He did not know where she was today. Nor does anybody, it appears. Fadil Redzic, head of the Association of Prisoners of Brcko District, believes she fled the town when her brother, Konstantin, was arrested, and has not returned.
Konstantin Simonovic “Kole”, the former commander at Luka, pleaded guilty in 2005 and was sentenced to six years' prison by the Basic Court in Brcko.
In spite of the weight of testimony against her, the Prosecutor's Office of Bosnia and Herzegovina is not even investigating Monika Simonovic, the spokesman, Boris Grubesic, said.
The Public Prosecutor's Office of Brcko District, meanwhile, says it “cannot give out information about specific investigations”.
Now working as a judge:
Bosnian war victims from the town of Visegrad, eastern Bosnia, are up in arms about another case, which they describe as shocking.
Dragana Djeric Cerovic has not fled the country. On the contrary, the High Judicial and Prosecutorial Council of Bosnia and Herzegovina this February appointed her a judge in the Municipal Court in Velika Kladusa, in spite of claims that she personally executed Bosniak [Muslim] detainees in Visegrad in the war.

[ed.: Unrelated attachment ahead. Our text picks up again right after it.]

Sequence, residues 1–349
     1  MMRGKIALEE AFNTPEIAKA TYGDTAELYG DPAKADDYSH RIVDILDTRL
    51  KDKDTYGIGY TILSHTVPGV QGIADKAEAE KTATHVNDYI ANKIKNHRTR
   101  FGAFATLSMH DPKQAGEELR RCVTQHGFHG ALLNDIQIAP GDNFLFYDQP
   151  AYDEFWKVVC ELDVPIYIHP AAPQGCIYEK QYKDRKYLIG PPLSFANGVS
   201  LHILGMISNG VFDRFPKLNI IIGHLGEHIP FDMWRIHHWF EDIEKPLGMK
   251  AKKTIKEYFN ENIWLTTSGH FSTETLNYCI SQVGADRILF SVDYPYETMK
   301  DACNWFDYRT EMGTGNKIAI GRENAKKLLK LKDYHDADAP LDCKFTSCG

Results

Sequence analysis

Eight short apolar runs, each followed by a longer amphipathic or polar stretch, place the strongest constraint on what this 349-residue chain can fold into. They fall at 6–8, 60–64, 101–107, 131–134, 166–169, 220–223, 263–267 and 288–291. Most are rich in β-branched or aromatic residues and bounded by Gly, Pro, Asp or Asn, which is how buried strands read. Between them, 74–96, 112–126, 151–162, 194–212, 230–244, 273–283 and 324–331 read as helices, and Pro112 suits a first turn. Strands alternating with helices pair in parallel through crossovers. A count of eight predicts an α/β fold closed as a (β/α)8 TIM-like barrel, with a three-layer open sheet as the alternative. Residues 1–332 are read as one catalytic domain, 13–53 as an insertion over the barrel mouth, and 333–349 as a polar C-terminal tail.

Bakira Hasecic, president of the Association of Women Victims of War, from Visegrad, said Cerovic had boasted to her of her bloodthirsty exploits.
“She took out a machine gun to shoot Bosniaks because her father had died, and told me: ‘You'll remember who the Serbs are'”, she said. “I cannot wait to see her face to face.”
Hasecic claims that Judge Djeric Cerovic is responsible for the disappearance of four of her neighbours, including two children, about which the investigative authorities are also informed.
Djeric Cerovic told BIRN-Justice Report that she was aware of the claims made about her past but refused to comment further. “You should contact the High Judicial and Prosecutorial Council - this is my comment,” she said.
Last September, the Office of the Disciplinary Counsel dismissed claims that Djeric Cerovic had submitted “false, incomplete or misleading information” when she applied for a judge's post. But it admitted that it had not carried out a criminal investigation, saying this was not in its competence.
Iset Dizdarevic says gender differences and myths about the “fairer sex” should never be an obstacle or a mitigating circumstance in the pursuit of war crimes. “Justice must not differentiate between women and men,” he said. In some cases, a woman is just another person who has committed a crime.”